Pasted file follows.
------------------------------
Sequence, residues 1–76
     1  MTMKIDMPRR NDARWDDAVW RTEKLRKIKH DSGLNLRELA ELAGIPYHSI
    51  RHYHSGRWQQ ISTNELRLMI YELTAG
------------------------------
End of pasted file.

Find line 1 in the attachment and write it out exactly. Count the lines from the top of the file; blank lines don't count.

Sequence, residues 1–76